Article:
This is an idea which would pervade the majority of European countries throughout the 20th century. The Two World Wars highlighted the importance of human rights. Organisations such as the International Red Cross and Red Crescent Movement were established during these war periods with the aim of “protecting human life and health, to ensure respect for all human beings and to prevent and alleviate all human suffering”. The Red Cross – which today consists of over 97 million volunteers – rose to prominence by physically prioritising the manifestation of human rights even though at this point no formal international documentation had been created to encourage the protection of these rights.

The values of the Red Cross were later articulated into formal treaties at the Geneva Conventions. These were a series of four treaties and three additional protocols that established standard within International Law for humanitarian treatment during war. These extensive documents were a step forward for the principles of human rights. International Law that pertains directly to human rights had never been created before on this scale, hence the conventions gave sway to these rights on a global stage. These treaties have been enforced through International Courts and have acted as guiding code of conducts in any war that has occurred post WW2.

Some objections have been raised on the grounds that the treaties have been used to prosecute humanitarian war crimes that occurred internally within a country – and hence may be a breach of sovereignty. An example of this is the International Criminal Tribunal for the former Yugoslavia (ICTY),which, in the 1999 case of Prosecutor v. Dusko Tadicjudgement, reached a decision that grave breaches apply not only to international conflicts between nations but also in internal armed conflicts.


This was said to be considered within the jurisdiction of customary International Law. It shows that the concept of ‘human rights’ and what it incorporates is not stagnant. It is constantly changing as we face new global challenges. A key example would be the creation of the Internet – which has led to privacy issues vehemently disputed in recent years. Some have argued that a new, fundamental human right should be recognised:  the ‘right to internet access’. This is because the internet is a necessary tool we need to fully exercise our right to ‘freedom of expression and opinion’ nowadays. It is believed that states should not have the right to restrict internet usage as this, in turn, would infringe on one of the basic human rights.

The UDHR (Universal Declaration of Human Rights) set a unique precedent in showing that multilateral international cooperation could be achieved regarding human rights. This document was adopted by the United Nations’ General Assembly on the 10th of December 1948. It consisted of 30 articles stating the core rights of individuals, many of which have their own treaties that can be referred to for further elaboration. The documents considered to have influenced it the most are the Magna Carta, the American Declaration of Independence and the DOTROMAC. These rights, however, are not legally binding.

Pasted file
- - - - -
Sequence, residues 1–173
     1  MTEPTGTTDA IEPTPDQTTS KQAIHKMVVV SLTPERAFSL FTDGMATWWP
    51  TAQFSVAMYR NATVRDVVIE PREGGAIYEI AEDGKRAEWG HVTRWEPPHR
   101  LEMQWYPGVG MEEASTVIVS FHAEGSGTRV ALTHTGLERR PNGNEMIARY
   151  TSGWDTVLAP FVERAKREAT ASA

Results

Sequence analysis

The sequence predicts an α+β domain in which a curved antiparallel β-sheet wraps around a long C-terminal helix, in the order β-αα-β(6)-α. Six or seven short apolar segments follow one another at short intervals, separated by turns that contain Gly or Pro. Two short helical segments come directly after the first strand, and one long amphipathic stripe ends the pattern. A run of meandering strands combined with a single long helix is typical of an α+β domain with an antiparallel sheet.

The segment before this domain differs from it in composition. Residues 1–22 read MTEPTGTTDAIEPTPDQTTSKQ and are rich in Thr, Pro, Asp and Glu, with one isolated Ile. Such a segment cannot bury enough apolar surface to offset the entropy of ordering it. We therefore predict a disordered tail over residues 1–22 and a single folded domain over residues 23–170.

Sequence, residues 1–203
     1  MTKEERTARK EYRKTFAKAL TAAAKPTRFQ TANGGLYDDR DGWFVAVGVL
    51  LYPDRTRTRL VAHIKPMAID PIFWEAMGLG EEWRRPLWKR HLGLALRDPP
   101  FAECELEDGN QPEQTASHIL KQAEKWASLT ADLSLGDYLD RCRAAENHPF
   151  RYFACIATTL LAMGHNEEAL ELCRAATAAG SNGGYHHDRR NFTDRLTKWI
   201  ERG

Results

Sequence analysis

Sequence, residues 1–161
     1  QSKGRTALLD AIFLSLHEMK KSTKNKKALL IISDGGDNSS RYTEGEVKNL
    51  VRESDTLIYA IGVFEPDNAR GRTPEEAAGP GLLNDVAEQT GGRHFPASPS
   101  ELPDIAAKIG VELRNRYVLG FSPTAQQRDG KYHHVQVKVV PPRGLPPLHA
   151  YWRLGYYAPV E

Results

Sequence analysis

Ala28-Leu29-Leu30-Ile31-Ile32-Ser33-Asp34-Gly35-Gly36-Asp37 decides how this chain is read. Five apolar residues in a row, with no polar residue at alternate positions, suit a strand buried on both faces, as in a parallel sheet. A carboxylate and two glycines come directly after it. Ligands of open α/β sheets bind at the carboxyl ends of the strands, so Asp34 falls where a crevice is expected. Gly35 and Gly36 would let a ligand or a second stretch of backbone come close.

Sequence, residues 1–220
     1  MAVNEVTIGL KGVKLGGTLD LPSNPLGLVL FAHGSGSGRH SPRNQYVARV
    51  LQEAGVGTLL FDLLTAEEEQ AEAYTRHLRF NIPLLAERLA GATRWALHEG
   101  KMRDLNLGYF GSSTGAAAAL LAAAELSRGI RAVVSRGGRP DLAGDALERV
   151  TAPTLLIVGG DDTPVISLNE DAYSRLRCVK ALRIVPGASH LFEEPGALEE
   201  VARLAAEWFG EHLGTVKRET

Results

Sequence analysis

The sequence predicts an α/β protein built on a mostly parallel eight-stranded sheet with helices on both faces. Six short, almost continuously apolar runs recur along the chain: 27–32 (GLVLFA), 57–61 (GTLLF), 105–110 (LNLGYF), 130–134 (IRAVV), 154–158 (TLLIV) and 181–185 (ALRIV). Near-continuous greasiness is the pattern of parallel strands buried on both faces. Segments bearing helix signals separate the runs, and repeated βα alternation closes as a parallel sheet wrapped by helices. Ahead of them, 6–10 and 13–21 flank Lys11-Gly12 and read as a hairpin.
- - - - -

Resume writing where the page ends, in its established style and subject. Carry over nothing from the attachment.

Eight countries abstained from voting in favour of the UDHR. There were criticisms from certain states that the UDHR was too euro-centric and did not take into account the different cultural values of the Middle East. Indeed, in response to the UDHR, the Organisation of Islamic Cooperation created their own document called the ‘Cairo Declaration on Human Rights in Islam’. It acknowledges some but not all of the rights in the UDHR, but primarily focuses on those which are permissible under the rectitude defined by Sharia law.

The declaration has been criticised by many member states as it fails to guarantee freedom of religion and allows corporal punishment. The dichotomy between the two has created an underlying sense of tension, particularly when it comes to the accountability of a state to human rights violations. This appears to be another branch of the cultural relativism debate which has become increasingly prominent in recent years.

The Brexit referendum also sparked a future change in the process of enforcing human rights. When the UK’s transition period ends, documents such as the Charter of Fundamental Rights of the European Union will no longer strictly apply. At present, there is no British Bill of Rights, although it was included in the Conservative Government’s 2015 election manifesto. If a new Bill was created, the previous law of the ECHR (European Court of Human Rights) and the European Convention on Human Rights would no longer be enforceable. This shows that the evolution of human rights is not over yet. And, perhaps, in many ways, at least in the UK, there might even be a new beginning.